The World of Living with Horses

An Icy Welcome for Cinnaburst

This last summer I had to face a tough decision – what to do with my beloved quarter horse, Cinnaburst. I contemplated selling her, but that simply brought me to tears. I knew I wouldn’t be able to afford to go to school and pay full board…I needed a way out. Around July my answer finally came. A 13 year old boy whom I had babysat in the past called me and asked me what I had planned to do with Cinnaburst when I went to college. I had no answer for him…I wasn’t quite sure myself. His mom, grandmother and I put together a plan that I would allow him to use the horse in 4-H if he paid the boarding fee at his grandma’s barn. That’s where it all went downhill.

I soon realized that my horse was changing.I had worked with her since she was three months old and I had never seen her act this way, always hot and always entirely too excited. I was lost and not sure what to do. I didn’t want to point fingers so I just kept my mouth shut and rode and took care of my horse when I was there.

Around January the boy’s grandmother called me and told me the boy was no longer going to continue to use my horse in 4-H and she needed to either be paid for board or the horse needed to be moved. I was fine with that, but it was the middle of the winter and I was having trouble finding a barn that had enough hay to feed one more mouth for the rest of the winter.

Meanwhile, my boyfriend told me about a place his friend had – a barn right up the road from where my horse was staying. I was nervous about it but decided to give it a try. The exact day I was going to talk to the lady about moving my horse I got a phone call. It was the boys grandma explaining to me that if I did not pay her by the next day at least $100 she would be calling the district magistrate and we would be going to court. I stayed calm on the phone and told her that I would be there to get the horse as soon as possible and promptly hung up on her.

I have never driven as fast in my life as I did that day. I had a purpose and I had reason – I needed to get my horse out NOW. I got to my boyfriend’s friend’s barn and talked to her, explained my story, and begged her to shelter Cinnaburst for just a few nights. She completely agreed and told me to bring her up, but there was one problem – she didn’t have a trailer. I told her it wouldn’t be a problem becasue I would find a way, and left.

When I got to the barn where Cinnaburst was it was snowing outside, just on the peak of darkness and bitter cold. I threw on a beat-up old sweatshirt, my Ugg boots and a pair of jeans and walked through the door. Everyone in the barn was on edge…me, Cinnaburst, the boy and also his grandma.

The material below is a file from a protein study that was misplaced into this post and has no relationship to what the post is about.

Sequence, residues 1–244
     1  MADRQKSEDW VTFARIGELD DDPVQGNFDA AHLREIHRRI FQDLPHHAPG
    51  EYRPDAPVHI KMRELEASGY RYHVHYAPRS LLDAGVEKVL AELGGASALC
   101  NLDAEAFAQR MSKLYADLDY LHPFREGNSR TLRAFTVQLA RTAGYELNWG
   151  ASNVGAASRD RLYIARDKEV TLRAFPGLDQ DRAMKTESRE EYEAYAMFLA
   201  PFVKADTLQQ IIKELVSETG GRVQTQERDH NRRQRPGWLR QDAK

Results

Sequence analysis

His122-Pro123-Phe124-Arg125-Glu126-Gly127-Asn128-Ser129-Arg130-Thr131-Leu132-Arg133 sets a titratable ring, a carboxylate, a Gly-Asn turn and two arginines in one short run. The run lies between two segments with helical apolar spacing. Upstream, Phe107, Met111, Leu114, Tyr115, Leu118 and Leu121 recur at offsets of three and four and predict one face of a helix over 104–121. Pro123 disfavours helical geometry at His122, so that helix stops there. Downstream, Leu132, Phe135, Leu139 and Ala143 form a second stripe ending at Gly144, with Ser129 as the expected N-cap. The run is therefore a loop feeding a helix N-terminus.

I quickly brushed Cinnaburst from head to toe, making sure she would be comfortable and well groomed for her arrival at her new barn…her better barn. We gathered up my belongings and I started towards the door, Cinnaburst in hand. When his the grandmother stepped in front of me I tried to walk around but she stood her ground, when I asked why she said these words, “You can’t ride that horse in the dark, it’s dangerous! You’re crazy! She will be fine until tomorrow.” And with that the last words I said were, “Watch me.”

When I got down the icy driveway I figured I needed to get on and start riding, because it would be the only way to make it in any kind of time. I threw my leg up over the saddle and we started off, slowly walking up the old dirt road to our salvation…the dirt road to Carla’s house.

I soon realized that this was probably the dumbest thing I had ever thought of. I should not be riding my horse in the pitch black, through the woods on an icy dirt road. I was scared and so was she. I kept talking aloud to her “We are going to Carla’s honey!” “Are you excited we are movin’ out?” If I stopped talking for a moment she would come to an immediate halt and we would not move another inch. I had to keep going and I had to make her understand that she had to keep going as well.

After about two miles we met the first of our problems – dogs. What kind of dogs were they? I don’t really know, but they sounded like the meanest form of wolf/mastiff/hyena dogs ever created. I quickly dismounted and walked beside Cinnaburst. We walked quietly past the house as she quivered behind me, only moving because I was keeping her safe. But soon the barking quieted and I threw my leg back up over her and kept on riding.

I almost didn’t even see Carla’s driveway when we arrived. Four miles of icy darkness had blinded me and Cinnaburst and I was about ready to give up. When I turned into her driveway I knew that we had made it, that my horse was safe and that we would be OK. I walked her into the barn, took her saddle off and brushed her down. She nickered at me as I gave her a treat and put her head on my shoulder. I have ever been more proud of an animal in my life. She could have done anything to me in the cold that night and no one would have found us until morning, but she kept me safe, and I kept her safe. We have a bond – a strong one – and I will love that horse forever.

To this day she is still at Carla’s, doing very well and enjoying her time there. She has calmed down a lot and has turned back into the horse I knew and loved before I let her go to the grandma from hell.

Oh…a helpful hint I might add? Horses and flashlights don’t mix, it definitely just scares them to death!

by Emily Taydus